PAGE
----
'Sicario: Day of the Soldado' in the Shadow of Emily Blunt and Denis Villeneuve

Emily Blunt Sicario - Photofest - H 2018
The sequel is missing some of its key collaborators, and it shows.

[This story contains spoilers for Sicario: Day of the Soldado]

In 2015, the brutal border-set drama Sicario did well with critics as well as audiences, even garnering a few Oscar nominations. The film’s reception was in no small part thanks to the fact that its depiction of the fractious war between American police and Mexican drug cartels was framed through the perspective of FBI agent Kate Macer (Emily Blunt). Blunt’s performance, much like the character being used as the focal point, was a large part of why Sicario worked as well as it did. So her absence in the sequel, Sicario: Day of the Soldado, suggested some cause for concern. Day of the Soldado is indeed a step down, but not just because Blunt’s nowhere to be found in the new story.

Also a cause for concern was the absence of original director Denis Villeneuve, who has become a distinctive auteur in the making. Though he’d directed a few French-language films earlier in his career, once Villeneuve jumped to the States to helm films like Prisoners, Sicario and Arrival, his acute sense of crafting unique visuals coupled with his collaborations with cinematographer Roger Deakins made him a filmmaker to watch. Unfortunately, while new director Stefano Sollima tries to ape Villeneuve’s and Deakins’ style, his attempts feel hollow and unsuccessful.

At first blush, some of what made Sicario visually notable is present again in Day of the Soldado, where Sollima is working with cinematographer Dariusz Wolski. The film opens with a nighttime depiction of illegal immigrants trying and failing to cross the U.S.-Mexico border, with static shots of helicopters flying overhead. Such shots are mimicked throughout, akin to how Deakins used drone cameras for the original Sicario. And there are a number of shots depicting a realistic point-of-view of satellite cameras, as well as some night-vision shots a la the original. The purpose is simple enough, to create a you-are-there feeling with an urgent, immediate style of filmmaking. So Day of the Soldado feels, from a surface level, similar enough to its predecessor. But even though Sollima tries to copy what Villeneuve brought to the original film’s visual presentation, it all feels like a pale shadow of that earlier story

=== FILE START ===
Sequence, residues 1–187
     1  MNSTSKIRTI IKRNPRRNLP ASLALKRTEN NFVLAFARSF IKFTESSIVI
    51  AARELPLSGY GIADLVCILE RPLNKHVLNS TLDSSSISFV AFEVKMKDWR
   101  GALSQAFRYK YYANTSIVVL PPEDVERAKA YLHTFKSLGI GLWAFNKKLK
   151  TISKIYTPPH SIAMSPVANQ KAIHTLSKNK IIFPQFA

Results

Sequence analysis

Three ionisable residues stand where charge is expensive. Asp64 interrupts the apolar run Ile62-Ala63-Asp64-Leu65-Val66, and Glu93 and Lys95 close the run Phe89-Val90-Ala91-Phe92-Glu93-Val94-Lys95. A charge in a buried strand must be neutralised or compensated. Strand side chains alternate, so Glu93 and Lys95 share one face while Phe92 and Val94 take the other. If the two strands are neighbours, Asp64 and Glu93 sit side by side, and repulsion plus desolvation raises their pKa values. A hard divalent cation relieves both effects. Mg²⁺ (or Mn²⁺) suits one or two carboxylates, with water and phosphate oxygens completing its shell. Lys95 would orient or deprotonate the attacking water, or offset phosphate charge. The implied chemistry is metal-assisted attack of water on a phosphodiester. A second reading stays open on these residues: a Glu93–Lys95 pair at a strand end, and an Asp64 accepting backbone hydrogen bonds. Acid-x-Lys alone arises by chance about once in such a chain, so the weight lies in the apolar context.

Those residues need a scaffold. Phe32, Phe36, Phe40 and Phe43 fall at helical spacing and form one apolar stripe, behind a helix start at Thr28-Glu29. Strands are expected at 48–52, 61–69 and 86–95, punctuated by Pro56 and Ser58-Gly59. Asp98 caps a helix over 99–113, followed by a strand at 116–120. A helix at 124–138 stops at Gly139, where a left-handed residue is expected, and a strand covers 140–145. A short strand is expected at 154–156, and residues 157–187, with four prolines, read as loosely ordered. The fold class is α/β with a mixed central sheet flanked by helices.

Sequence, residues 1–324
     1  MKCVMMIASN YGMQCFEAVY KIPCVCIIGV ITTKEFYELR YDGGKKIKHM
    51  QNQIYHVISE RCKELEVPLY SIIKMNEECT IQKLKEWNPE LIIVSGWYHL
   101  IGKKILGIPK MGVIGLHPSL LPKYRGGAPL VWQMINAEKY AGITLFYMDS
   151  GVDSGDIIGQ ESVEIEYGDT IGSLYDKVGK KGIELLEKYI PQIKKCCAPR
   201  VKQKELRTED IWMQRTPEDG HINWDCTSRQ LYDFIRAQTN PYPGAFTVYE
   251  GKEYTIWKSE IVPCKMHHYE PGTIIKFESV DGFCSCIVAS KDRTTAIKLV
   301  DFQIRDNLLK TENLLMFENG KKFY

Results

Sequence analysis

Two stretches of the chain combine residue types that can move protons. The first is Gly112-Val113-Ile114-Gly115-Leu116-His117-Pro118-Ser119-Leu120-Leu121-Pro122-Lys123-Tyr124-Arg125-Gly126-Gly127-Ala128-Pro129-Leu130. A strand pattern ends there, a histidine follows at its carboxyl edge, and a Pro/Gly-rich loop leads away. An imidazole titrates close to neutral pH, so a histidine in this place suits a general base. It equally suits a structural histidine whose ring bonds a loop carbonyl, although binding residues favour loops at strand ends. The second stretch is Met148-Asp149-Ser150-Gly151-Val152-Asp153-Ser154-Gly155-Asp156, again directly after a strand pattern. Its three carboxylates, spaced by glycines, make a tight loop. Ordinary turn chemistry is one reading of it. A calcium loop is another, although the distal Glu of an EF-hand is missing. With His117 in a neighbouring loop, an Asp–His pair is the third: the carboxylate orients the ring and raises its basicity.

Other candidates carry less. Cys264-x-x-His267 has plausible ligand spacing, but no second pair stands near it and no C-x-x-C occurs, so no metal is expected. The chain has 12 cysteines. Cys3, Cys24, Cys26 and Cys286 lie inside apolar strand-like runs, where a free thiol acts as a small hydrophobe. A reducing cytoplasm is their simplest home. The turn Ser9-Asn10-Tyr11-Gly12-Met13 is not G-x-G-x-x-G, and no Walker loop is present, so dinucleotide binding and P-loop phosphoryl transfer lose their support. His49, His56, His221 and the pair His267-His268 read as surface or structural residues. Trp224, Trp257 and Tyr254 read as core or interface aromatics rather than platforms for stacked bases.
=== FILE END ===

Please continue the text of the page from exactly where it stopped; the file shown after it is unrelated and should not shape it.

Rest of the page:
The timing for this film could not be worse; the current debate over illegal immigration in the United States is at a disturbing fever pitch. There’s the specter of unconscionably cruel family separation at the border spurring on major protests across the country, coupled with the Supreme Court’s recent reinforcement of the travel ban against predominantly Muslim countries in the Middle East. Even though the filmmakers behind Day of the Soldado had no control over the release strategy and their film’s placement in the current news cycle, watching a film in which American police and military engage in firefights with Mexican police officers in the pockets of drug cartels is doubly unpleasant now.

Yet even removed from its present context, Day of the Soldado is a nasty, scattered piece of work. Much of what occurs in the film is removed from the events of the first Sicario, though both were written by Taylor Sheridan and feature a handful of the same characters. Kate Macer is neither mentioned directly or implicitly, and the few times that the backstory of the implacable Alejandro Gillick (Benicio Del Toro) is mentioned, it’s done so obliquely via dialogue that sounds like it was recorded after principal photography concluded.